Additionally, CIIF investments in these industries lead to additional private capital flows as investors know that the party will protect these companies even if they do poorly.
What can the US do?
In recent years, multiple CIIF portfolio companies have been added to the BIS (Bureau of Industry and Security) Entity List. These firms include Cloudwalk Technologies, Sensetime, and Phytium.
The remainder of CIIF investments need to be investigated and added to the entity list if these companies are developing technologies that could be used for military applications or authoritarian repression. The mere fact that they are funded by the CCP indicates the high likelihood that they engage in activities that are contrary to the national security and foreign policy interests of the United States. In addition, US funds that co-invest with the CIIF need to be penalized for engaging in financial activity with a foreign entity that is hostile to the United States.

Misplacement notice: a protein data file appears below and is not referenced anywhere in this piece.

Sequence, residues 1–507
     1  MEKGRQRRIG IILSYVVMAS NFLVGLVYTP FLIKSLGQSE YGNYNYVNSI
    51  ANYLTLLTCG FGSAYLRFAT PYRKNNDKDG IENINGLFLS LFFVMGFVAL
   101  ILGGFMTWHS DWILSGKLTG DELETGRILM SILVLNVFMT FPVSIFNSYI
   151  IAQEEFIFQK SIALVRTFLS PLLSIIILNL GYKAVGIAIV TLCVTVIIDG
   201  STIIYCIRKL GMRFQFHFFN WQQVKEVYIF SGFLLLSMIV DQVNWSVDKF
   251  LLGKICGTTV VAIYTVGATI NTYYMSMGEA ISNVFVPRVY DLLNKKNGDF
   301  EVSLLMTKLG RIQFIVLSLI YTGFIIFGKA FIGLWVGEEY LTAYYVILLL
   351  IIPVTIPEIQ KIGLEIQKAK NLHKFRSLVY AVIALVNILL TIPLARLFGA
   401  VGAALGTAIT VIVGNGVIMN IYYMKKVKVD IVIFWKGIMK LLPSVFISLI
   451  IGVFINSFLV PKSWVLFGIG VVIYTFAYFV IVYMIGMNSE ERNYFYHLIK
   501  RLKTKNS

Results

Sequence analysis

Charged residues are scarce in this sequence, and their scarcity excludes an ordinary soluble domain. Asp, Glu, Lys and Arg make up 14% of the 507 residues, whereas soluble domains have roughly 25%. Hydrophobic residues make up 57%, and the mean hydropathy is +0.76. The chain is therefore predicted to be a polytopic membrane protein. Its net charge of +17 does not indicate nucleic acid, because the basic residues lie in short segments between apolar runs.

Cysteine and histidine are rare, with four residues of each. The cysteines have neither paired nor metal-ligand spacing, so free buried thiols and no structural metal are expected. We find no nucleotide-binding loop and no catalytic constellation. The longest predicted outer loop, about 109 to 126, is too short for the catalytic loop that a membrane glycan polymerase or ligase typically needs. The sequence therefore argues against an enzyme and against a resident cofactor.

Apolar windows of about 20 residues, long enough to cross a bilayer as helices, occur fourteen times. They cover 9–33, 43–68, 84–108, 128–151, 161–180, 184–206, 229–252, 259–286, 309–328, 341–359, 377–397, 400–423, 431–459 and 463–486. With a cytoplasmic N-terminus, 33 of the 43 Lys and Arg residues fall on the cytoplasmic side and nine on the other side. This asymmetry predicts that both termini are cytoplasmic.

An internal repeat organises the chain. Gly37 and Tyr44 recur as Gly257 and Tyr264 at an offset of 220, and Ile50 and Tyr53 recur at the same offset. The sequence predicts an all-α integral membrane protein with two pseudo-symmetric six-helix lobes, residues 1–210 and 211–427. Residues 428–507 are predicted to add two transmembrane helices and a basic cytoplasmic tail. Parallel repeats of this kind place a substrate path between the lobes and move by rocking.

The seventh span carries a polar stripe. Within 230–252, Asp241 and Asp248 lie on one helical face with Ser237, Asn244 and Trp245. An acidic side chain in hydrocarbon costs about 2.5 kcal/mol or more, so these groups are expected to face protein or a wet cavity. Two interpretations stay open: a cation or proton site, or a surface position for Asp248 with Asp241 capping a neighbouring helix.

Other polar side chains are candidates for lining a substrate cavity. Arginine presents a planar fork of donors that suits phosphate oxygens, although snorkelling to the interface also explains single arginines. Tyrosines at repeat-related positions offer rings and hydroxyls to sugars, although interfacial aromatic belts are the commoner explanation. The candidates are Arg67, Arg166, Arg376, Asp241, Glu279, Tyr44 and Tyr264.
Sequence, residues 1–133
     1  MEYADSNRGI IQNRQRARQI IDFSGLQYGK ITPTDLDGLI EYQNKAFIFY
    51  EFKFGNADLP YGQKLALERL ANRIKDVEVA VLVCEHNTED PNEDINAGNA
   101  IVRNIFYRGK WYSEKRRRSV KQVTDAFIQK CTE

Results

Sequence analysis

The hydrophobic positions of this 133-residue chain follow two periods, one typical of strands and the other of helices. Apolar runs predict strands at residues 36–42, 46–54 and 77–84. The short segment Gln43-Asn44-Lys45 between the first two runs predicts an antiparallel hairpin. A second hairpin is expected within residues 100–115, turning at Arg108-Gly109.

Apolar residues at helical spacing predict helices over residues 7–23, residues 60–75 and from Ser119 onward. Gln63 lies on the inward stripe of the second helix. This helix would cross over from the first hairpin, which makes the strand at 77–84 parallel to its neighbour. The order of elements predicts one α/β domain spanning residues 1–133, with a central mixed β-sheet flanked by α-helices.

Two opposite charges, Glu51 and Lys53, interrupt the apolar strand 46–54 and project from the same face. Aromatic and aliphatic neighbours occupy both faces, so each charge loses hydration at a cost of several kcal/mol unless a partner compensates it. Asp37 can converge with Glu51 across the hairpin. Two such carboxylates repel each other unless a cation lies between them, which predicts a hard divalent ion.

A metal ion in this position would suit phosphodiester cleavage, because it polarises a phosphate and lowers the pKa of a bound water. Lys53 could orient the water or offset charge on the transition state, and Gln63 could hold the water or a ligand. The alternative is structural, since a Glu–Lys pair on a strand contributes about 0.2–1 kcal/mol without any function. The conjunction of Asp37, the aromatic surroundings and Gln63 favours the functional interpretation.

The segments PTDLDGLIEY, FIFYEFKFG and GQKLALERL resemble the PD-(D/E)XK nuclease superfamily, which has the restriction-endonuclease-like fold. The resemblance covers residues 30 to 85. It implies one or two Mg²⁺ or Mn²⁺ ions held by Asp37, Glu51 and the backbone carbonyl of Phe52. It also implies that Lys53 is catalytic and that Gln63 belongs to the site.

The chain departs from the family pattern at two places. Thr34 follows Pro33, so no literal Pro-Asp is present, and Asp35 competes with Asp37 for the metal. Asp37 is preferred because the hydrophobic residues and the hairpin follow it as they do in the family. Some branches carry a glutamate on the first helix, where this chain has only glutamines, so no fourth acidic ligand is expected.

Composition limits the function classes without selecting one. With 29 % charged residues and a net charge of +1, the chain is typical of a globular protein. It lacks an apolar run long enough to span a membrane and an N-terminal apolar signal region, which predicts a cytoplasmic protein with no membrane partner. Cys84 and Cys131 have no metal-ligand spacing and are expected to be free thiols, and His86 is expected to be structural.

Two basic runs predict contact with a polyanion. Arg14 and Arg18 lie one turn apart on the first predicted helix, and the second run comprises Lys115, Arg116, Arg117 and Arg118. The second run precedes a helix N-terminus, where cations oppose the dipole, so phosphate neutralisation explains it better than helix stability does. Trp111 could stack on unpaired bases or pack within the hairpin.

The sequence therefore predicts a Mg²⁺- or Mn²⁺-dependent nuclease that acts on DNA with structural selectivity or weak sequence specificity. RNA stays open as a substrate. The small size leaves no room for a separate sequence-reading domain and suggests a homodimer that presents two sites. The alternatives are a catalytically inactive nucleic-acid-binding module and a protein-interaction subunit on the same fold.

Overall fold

See below for a full list of CIIF investments. Companies highlighted in red are companies that are currently on the BIS entity list. Companies highlighted in orange are companies that are backed by multiple party-state institutions, indicating their elevated strategic importance.